Slow Breathing Improves Arterial Baroreflex Sensitivity and Decreases Blood Pressure in Essential Hypertension

Nevner hvordan 6 pust i minuttet øker HRV og vagus nervens effekt på hjertet. Nevner også hvordan CO2 synker ved 15 pust i minuttet og holdes normalt ved 6 pust i minuttet. De med hjerteproblemer har mye større reaksjon på CO2 enn andre, og generelt lavere nivå.

Sympathetic hyperactivity and parasympathetic withdrawal may cause and sustain hypertension. This autonomic imbalance is in turn related to a reduced or reset arterial baroreflex sensitivity and chemoreflex-induced hyperventilation. Slow breathing at 6 breaths/min increases baroreflex sensitivity and reduces sympathetic activity and chemoreflex activation, suggesting a potentially beneficial effect in hypertension. We tested whether slow breathing was capable of modifying blood pressure in hypertensive and control subjects and improving baroreflex sensitivity. Continuous noninvasive blood pressure, RR interval, respiration, and end-tidal CO2 (CO2-et) were monitored in 20 subjects with essential hypertension (56.4±1.9 years) and in 26 controls (52.3±1.4 years) in sitting position during spontaneous breathing and controlled breathing at slower (6/min) and faster (15/min) breathing rate. Baroreflex sensitivity was measured by autoregressive spectral analysis and “alpha angle” method. Slow breathing decreased systolic and diastolic pressures in hypertensive subjects (from 149.7±3.7 to 141.1±4 mm Hg, P<0.05; and from 82.7±3 to 77.8±3.7 mm Hg, P<0.01, respectively). Controlled breathing (15/min) decreased systolic (to 142.8±3.9 mm Hg; P<0.05) but not diastolic blood pressure and decreased RR interval (P<0.05) without altering the baroreflex. Similar findings were seen in controls for RR interval. Slow breathing increased baroreflex sensitivity in hypertensives (from 5.8±0.7 to 10.3±2.0 ms/mm Hg; P<0.01) and controls (from 10.9±1.0 to 16.0±1.5 ms/mm Hg; P<0.001) without inducing hyperventilation. During spontaneous breathing, hypertensive subjects showed lower CO2 and faster breathing rate, suggesting hyperventilation and reduced baroreflex sensitivity (P<0.001 versus controls). Slow breathing reduces blood pressure and enhances baroreflex sensitivity in hypertensive patients. These effects appear potentially beneficial in the management of hypertension.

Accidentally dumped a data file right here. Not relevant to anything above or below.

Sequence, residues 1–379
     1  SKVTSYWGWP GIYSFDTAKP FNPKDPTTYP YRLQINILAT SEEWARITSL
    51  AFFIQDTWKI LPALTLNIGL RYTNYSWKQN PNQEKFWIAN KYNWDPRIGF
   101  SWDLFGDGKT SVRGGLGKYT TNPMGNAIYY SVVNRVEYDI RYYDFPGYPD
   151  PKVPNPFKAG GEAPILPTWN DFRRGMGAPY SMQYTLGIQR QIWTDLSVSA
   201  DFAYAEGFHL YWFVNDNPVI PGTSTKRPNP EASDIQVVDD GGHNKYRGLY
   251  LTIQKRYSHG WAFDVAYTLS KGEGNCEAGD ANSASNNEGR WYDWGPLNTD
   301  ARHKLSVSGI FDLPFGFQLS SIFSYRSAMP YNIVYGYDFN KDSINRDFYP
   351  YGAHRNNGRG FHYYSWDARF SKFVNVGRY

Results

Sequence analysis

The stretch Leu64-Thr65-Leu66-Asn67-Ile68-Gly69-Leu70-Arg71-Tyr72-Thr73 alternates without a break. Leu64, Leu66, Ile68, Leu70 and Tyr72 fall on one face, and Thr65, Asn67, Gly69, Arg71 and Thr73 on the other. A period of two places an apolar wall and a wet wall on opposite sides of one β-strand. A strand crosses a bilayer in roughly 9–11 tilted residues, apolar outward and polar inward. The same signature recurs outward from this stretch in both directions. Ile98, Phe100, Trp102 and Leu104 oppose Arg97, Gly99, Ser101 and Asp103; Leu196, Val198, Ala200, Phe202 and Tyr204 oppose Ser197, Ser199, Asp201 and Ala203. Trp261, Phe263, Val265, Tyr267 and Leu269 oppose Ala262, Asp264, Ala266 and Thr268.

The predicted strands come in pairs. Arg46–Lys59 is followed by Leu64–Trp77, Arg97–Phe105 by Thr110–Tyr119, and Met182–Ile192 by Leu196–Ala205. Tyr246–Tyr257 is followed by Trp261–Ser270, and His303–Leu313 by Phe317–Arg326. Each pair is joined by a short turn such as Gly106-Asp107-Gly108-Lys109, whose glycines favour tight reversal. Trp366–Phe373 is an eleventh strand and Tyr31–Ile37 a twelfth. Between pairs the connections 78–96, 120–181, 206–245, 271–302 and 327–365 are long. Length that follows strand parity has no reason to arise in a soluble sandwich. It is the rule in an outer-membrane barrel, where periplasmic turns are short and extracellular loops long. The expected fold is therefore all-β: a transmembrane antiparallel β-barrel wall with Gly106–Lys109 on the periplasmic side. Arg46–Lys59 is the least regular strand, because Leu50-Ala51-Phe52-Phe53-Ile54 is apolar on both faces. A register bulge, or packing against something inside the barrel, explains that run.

However, breathing at 6 breaths/min significantly increased the baroreflex sensitivity in hypertensive (from 5.8±0.7 to 10.3±2.0 ms/mm Hg; P<0.01) and control subjects (from 10.9±1.0 to 16.0±1.5 ms/mm Hg; P<0.001;Figure 2).

Hypertensive subjects showed a significantly higher resting respiratory rate (14.55±0.82 versus 11.76±1.00; P<0.05) and a significantly lower CO2-et values compared with control subjects (Figure 3). During controlled breathing at 6/min, there were no significant changes in CO2-et and in Vm. The lack of change in Vm, despite lower breathing rate, was attributable to a significant increase in Vt in hypertensives and controls. Controlled breathing at 15/min induced a marked decrease in CO2-et, particularly in hypertensive subjects, and a marked relative increase in Vm and Vt (Figure 3).

We found that paced breathing, and particularly slow breathing at 6 cycle/min, reduces blood pressure in hypertensive patients. The reduction in blood pressure during slow breathing is associated with an increase in the vagal arm of baroreflex sensitivity, indicating a change in autonomic balance, related to an absolute or relative reduction in sympathetic activity.

This demonstrated that slow breathing is indeed capable of inducing a modification in respiratory and cardiovascular control, and that appropriate training could induce a long-term effect. In subjects with chronic congestive heart failure, a condition known to induce sympathetic and chemoreflex activation, slow breathing induced a reduction in chemoreflexes and an increase in baroreflex.10,25 We have also shown that in these patients, 1-month training in slow breathing could induce prolonged benefits, even in terms of exercise capacity.25

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